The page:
Breaking Bad: UK defense improves, but more work needed

UK sophomore cornerback Martavius Neloms tackles Mississippi State running back Vick Ballard in the loss to Mississippi State in Starkville, MS on October 30, 2010. Photo by Ryan Buckler | Staff

By Cody Porter

The aftermath of a 38-point romp of the Cats by Florida on Saturday leaves UK in a 26-year mourning period with questions that likely will never be answered.

Mainly, what do they have to do to stop the Gators? The rushing game was on point. The defense, at least early, was slowing Florida’s offense.

The biggest concern may be the fact that coaches decided during Friday’s flight to Gainesville, Fla., that senior quarterback Morgan Newton would be Saturday’s starter, unbeknownst to him until pregame warm-ups.

That decision starts this week’s Breaking Bad ahead of UK’s game against South Carolina.

1. Coaching
As was previously mentioned, head coach Joker Phillips and his assistants didn’t notify Newton he was starting until warm-ups, or at least those were Newton’s words.

It is a tough situation for a player who hasn’t always had quality resources at his disposal.

“Over my career, it seems like it’s (always) inopportune. Bad timing. Bad situations. Bad circumstances,” he told The Courier-Journal’s Kyle Tucker. “You know, post-Randall Cobb, post-Chris Matthews, but pre-(DeMarcus) Sweat, pre-Demarco (Robinson) and all these other guys (meaning he had few viable targets last year).”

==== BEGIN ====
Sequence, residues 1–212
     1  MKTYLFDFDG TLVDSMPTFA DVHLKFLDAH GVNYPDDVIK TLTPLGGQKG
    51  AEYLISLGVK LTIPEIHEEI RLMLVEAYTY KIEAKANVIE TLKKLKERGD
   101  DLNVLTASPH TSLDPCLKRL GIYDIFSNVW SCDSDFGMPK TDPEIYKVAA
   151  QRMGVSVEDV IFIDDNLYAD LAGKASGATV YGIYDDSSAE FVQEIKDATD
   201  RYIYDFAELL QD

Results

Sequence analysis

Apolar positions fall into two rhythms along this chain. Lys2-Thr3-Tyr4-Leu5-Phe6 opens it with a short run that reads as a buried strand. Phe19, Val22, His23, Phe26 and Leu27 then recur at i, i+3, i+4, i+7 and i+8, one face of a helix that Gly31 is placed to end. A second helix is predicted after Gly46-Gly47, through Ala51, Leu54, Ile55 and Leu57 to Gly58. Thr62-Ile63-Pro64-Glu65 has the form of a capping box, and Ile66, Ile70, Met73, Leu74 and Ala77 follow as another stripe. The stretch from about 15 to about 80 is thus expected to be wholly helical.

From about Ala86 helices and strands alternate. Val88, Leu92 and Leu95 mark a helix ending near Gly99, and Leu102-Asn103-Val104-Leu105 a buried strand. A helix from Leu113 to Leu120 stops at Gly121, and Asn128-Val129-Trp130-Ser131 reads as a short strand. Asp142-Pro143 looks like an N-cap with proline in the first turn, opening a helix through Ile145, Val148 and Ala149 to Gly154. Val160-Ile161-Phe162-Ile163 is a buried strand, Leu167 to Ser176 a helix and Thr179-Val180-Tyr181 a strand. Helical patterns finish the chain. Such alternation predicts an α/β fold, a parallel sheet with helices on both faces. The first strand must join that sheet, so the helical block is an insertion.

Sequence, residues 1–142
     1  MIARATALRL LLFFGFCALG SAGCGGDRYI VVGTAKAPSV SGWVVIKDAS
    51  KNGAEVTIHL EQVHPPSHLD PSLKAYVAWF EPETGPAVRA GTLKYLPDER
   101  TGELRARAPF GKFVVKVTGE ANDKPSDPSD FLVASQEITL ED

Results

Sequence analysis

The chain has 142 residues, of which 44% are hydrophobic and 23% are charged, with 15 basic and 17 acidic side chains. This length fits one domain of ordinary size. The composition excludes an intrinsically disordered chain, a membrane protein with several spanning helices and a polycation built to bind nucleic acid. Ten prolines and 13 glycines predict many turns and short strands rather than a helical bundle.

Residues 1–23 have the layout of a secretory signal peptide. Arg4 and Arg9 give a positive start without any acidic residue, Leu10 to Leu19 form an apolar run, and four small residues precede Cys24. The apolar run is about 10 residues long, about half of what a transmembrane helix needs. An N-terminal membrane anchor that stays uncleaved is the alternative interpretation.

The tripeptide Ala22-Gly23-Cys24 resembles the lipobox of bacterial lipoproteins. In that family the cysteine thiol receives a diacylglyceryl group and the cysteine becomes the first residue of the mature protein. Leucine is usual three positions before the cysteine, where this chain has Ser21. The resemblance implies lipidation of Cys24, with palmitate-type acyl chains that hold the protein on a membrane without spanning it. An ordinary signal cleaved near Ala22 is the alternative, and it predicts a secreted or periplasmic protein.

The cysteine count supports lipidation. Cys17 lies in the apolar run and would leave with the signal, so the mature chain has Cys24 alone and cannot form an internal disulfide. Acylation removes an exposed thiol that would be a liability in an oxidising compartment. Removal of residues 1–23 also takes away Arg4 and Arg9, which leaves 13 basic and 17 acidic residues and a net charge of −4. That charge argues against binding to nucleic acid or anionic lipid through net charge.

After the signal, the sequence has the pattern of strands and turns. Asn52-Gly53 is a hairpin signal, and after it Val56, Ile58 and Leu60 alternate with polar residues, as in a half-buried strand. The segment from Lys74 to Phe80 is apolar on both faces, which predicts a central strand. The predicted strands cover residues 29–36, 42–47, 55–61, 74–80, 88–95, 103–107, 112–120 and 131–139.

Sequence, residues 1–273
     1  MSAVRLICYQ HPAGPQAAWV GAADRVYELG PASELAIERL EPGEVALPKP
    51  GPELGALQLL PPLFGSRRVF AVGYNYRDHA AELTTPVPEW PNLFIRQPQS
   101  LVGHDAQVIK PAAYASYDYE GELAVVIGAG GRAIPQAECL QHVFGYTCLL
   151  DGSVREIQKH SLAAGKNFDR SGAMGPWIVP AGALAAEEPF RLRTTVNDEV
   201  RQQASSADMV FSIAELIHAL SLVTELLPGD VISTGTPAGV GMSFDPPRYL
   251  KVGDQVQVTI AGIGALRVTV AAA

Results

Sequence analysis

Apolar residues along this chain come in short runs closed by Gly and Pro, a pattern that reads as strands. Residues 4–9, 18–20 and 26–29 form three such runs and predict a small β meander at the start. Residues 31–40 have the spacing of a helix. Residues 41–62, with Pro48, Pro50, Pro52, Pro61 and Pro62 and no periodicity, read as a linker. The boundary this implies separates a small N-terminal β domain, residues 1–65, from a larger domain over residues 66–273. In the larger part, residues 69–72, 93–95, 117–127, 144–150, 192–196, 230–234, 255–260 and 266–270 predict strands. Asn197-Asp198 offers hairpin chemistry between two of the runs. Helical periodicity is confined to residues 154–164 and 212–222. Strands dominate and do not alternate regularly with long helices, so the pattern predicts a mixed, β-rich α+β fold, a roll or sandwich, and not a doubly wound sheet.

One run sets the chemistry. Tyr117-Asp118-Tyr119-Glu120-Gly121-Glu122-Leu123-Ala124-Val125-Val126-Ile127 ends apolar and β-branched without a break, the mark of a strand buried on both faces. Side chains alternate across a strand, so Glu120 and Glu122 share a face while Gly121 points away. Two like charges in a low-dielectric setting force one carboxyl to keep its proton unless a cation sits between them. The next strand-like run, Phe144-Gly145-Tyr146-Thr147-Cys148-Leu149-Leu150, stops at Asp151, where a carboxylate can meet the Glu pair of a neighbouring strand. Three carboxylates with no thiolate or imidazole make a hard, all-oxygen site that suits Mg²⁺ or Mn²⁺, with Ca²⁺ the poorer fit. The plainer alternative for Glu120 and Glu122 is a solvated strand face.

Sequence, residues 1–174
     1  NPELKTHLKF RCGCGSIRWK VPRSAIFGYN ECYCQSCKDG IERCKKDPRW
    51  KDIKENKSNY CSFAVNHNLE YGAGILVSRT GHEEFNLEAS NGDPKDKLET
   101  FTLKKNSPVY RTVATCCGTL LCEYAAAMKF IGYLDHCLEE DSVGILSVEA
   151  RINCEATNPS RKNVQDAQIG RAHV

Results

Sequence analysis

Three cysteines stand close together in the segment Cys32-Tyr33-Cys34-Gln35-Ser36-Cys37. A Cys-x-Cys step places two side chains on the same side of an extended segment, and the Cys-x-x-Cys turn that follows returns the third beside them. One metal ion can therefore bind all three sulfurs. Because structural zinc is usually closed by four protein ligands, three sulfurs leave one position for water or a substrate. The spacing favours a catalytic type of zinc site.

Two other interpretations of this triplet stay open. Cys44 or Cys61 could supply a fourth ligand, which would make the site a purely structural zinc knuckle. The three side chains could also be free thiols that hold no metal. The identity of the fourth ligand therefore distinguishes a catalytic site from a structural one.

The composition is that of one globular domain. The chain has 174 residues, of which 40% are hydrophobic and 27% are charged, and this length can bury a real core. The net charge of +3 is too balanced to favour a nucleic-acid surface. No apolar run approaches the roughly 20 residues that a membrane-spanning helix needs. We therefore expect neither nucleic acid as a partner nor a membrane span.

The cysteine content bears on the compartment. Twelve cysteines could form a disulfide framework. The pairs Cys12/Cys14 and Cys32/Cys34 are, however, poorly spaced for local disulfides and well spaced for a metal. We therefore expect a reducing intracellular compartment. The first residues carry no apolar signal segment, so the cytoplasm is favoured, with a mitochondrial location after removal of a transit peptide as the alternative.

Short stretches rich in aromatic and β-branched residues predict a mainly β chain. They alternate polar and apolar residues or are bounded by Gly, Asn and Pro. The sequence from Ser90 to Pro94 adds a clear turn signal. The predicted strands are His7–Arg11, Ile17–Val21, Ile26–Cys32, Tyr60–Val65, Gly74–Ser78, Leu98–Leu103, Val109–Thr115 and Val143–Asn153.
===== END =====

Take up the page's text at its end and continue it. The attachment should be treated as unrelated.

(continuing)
Entering Saturday, it was thought to be freshman Jalen Whitlow who would be taking snaps as UK’s back-up quarterback. However, as the game played out, Whitlow received minimal action later in the game.

“We’ve been prepping Jalen to be our Number 2 since the Louisville game. We worked Morgan to be the Number 2 going up to the Louisville game, but after the Louisville game we started prepping Jalen to be our Number 2,” Phillips said.

Since that time, Newton had been practicing as an H-back.

If sophomore quarterback Maxwell Smith isn’t ready to go Saturday, as unlikely as it appears, Phillips needs to scrap the pass except for limited occasions and rely on the running game that competed with that of the Gators.

2. Pass Coverage
It’s known at this point that UK isn’t the best pass defending team in the SEC. It has taken great strides, and an early interception by senior cornerback Martavius Neloms on Saturday seemed to be a positive.

But, once sophomore quarterback Jeff Driskel settled in, Florida’s talent showed through, as he was able to manipulate the UF offense down the field.

South Carolina junior quarterback Connor Shaw hasn’t resembled his typical self thus far in the season.

Saturday’s game against Missouri was a bright spot for the second-year starter, though, who threw a season-high 20 completions on 21 attempts for 249 yards and two touchdowns.

Last season against the Cats, Shaw attacked UK to the tune of 311 yards and four touchdowns on 26 completions.

Just as Teddy Bridgewater was susceptible to doing, Shaw can use his legs if needed, which he did more and more as last season wore on.

3. Run Defense
At a glance it appears the Cats did a decent job of slowing the Florida running game. Florida’s leading rusher, senior Mike Gillislee, gained 56 yards on 13 carries.

Pretty good considering he was the conference’s leading rusher.

But the Gators brought the gauntlet to the Swamp. They ended with five rushers totaling 30 or more yards, adding up to 200 yards on 45 carries at game’s end.

With South Carolina approaching, junior running back Marcus Lattimore will be relied upon more than the assortment of options the Gators used.

The Cats have yet to encounter it this season, but mobile quarterbacks in the past have gotten the best of them. USC’s Shaw is the team’s second-leading rusher with 127 yards on 31 carries. Last season he managed only 42 carries, but his arm led the Gamecocks to a 54-3 victory.